Fishing in Mali: co-management to resolve conflicts

pêcheur malien

In Mali, fishing waters are often a cause of conflict. Who has the right to fish, when and how? Before, the State decreed the rules without necessarily taking local customs into account. Today, local stakeholders are involved in a co-management process and feel that their voice is better heard.


Here’s how co-management helps to put in place sustainable fishing practices, while resolving conflicts between people who fish and other water resource users.


The importance of the fishing sector in Mali

Even though Mali is a landlocked country, fishing is important for the country. Fishing is essentially a small-scale activity, carried out on all bodies of water: rivers, lakes and ponds. Fishing employs approximately 7% of the working population and is good for about 2.4 % of GDP.

Fish also plays a crucial role in food security, accounting for almost half of the animal protein consumed nationally.


A source of ongoing conflict

Unfortunately, fishing waters are often a cause of conflict. On the one hand, between several local families who claim customary ownership rights and therefore historical ownership of a fishing water, also known as a fishery; on the other hand, between (seasonal) migrants who fish and locals who fish. Long-time inhabitants who fish criticise other people who fish for their lack of respect of traditional fishing good practices, which prevent overfishing; they also criticise other users of the water, such as farmers, stockbreeders, etc.

Kristof Vadino for Enabel

Fisheries co-management as a solution

Enabel is supporting the government in implementing co-management of fisheries, through the Support project to the fish value chain in Mali. It aims to ensure the inclusive, peaceful and sustainable use of fish resources in Mali.

How? By recognising the role of local stakeholders in fisheries management. In the past, fishing was primarily centrally managed by the State. Today, local communities are invited to participate in decision-making. This is done through the Fisheries and Aquaculture Council, an advisory body.

Participatory management allows for responsibility to be shared between local players and the State. The aim is to take into account both the traditional knowledge and practices recognised by local residents and the modern management measures of the State to protect and restore biodiversity.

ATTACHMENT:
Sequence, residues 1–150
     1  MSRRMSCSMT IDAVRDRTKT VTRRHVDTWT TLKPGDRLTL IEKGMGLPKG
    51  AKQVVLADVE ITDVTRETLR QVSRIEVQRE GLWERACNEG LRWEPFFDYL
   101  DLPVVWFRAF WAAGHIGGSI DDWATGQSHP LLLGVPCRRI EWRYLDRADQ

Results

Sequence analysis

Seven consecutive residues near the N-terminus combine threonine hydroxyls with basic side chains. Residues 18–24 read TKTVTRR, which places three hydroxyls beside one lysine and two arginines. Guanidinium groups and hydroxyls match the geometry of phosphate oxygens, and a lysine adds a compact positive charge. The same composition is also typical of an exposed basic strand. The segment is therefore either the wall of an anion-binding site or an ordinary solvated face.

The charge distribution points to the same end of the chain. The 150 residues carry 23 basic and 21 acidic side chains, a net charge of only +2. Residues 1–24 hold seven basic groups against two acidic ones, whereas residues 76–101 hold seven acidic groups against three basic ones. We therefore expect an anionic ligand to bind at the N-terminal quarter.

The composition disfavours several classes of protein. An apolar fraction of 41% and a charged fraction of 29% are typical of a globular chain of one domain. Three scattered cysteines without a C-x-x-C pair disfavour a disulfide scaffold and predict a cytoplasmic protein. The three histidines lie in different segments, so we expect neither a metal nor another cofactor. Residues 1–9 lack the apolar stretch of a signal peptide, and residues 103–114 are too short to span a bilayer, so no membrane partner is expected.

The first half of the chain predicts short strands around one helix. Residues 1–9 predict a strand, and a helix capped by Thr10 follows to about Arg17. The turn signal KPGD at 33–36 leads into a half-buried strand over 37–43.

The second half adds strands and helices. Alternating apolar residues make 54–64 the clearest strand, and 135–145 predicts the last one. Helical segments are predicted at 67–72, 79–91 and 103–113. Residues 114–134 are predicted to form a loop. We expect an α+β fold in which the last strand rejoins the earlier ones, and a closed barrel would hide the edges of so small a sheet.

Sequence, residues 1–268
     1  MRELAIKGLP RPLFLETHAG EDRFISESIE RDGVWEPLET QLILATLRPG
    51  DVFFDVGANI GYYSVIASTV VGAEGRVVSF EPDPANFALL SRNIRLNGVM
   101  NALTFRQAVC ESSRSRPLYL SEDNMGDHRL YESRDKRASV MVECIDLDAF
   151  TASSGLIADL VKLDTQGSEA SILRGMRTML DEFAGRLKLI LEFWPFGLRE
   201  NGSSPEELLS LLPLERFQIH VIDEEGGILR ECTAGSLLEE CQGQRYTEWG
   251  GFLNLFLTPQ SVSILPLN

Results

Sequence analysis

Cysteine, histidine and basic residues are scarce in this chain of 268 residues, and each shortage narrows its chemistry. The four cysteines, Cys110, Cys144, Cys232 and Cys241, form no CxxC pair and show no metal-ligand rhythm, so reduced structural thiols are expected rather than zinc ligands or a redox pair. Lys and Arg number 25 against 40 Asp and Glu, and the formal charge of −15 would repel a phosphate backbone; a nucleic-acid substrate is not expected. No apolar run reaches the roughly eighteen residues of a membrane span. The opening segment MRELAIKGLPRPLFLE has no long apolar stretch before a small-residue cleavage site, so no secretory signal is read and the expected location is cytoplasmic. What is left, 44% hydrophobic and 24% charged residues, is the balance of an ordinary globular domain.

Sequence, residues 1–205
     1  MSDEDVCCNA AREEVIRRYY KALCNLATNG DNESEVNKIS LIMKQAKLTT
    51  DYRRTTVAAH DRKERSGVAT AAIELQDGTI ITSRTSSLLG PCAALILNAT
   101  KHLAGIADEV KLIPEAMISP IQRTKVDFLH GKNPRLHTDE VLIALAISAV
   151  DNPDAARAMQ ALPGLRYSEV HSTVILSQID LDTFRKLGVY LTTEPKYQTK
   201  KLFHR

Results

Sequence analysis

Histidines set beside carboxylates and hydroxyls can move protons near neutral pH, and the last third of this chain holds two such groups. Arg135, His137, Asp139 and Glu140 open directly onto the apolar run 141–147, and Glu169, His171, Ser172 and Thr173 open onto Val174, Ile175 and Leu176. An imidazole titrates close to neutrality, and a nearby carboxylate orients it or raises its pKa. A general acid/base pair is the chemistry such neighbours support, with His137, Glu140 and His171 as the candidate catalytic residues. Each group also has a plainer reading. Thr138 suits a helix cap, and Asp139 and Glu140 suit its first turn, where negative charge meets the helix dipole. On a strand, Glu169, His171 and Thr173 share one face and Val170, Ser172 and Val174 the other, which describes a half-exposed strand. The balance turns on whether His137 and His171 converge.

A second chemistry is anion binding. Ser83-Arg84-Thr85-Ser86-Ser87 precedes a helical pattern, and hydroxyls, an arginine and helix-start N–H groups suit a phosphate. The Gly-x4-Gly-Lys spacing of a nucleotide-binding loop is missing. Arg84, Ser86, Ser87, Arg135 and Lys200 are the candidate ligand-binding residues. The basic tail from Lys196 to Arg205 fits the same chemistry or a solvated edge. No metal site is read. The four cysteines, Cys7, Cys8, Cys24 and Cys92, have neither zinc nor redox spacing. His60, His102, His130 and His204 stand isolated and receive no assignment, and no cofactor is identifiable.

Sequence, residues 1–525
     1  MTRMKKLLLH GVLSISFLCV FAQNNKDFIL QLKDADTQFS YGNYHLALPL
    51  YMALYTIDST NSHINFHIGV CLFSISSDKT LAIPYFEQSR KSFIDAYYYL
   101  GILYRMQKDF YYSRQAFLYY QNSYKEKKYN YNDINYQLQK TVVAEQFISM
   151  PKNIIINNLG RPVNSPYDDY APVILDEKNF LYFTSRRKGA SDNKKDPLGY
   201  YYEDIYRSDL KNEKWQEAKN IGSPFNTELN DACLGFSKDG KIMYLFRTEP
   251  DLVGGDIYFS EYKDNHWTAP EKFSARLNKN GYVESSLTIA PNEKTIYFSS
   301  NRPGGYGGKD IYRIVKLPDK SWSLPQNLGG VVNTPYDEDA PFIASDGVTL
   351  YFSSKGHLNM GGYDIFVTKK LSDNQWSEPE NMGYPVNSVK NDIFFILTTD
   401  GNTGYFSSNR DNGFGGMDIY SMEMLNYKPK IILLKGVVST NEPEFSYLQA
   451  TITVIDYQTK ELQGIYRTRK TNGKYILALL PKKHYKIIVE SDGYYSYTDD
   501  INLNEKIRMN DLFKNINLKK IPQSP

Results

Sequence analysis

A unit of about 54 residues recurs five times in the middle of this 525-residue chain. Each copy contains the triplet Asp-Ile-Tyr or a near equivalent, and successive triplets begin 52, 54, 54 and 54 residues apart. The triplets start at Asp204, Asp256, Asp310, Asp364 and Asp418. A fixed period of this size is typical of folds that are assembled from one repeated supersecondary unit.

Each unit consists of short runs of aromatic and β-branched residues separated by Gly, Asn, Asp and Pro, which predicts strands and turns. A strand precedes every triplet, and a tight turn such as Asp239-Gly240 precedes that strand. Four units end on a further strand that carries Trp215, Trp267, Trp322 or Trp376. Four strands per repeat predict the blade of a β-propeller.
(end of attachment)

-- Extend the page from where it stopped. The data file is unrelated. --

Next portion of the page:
From now on, everyone – including migrants – must abide by the same rules when it comes to fishing:

  • Respecting the ‘no-take’: a ban on fishing during a given period to allow fish to reproduce. It is based on a consensus within the village and is accompanied by surveillance of fisheries to prevent any fishing activity.
  • Ban on fishing for protected species
  • Use – or exclusion – of certain fishing methods or gear.

The introduction of clear rules, on which a consensus has been reached, avoids legal uncertainty and therefore strengthens compliance with these rules.

Kristof Vadino for Enabel

Macina: a lingering conflict finally resolved 

Co-management also helps resolve old community conflicts. Like this property dispute in the rural commune of Macina, located in the inland delta of the Niger River. Since colonial times, the villages of Touara, Miérou and Konkongourou have claimed ownership of the Faradialani fishery.

After several attempts to resolve the problem through the courts, the administrative authorities tried another approach: In Macina, they encouraged the parties in the dispute to resort to traditional and customary solutions, based on the sacred ties of kinship between the Dogon and the Bozo. Indeed, according to ancient tradition in Mali, these two ethnic groups are obliged to maintain good relations. The PAFHa project supported the organisation of the reconciliation ceremony. As a result, the two parties have signed an act of reconciliation marking the end of the conflict and they are now co-managing the fishery.


“This act of signature could serve as an example to be replicated in all the fisheries in conflict in all the villages of the commune, and even elsewhere. Because it demonstrates the strength of our traditions and cultural values in fisheries management.” Mourzouk YATTARA, mayor of the rural commune of Macina


By bringing together all the players involved in fishing, co-management has raised awareness. Communities have understood its potential for conflict prevention and management. Ultimately, co-management has strengthened social cohesion around fisheries.

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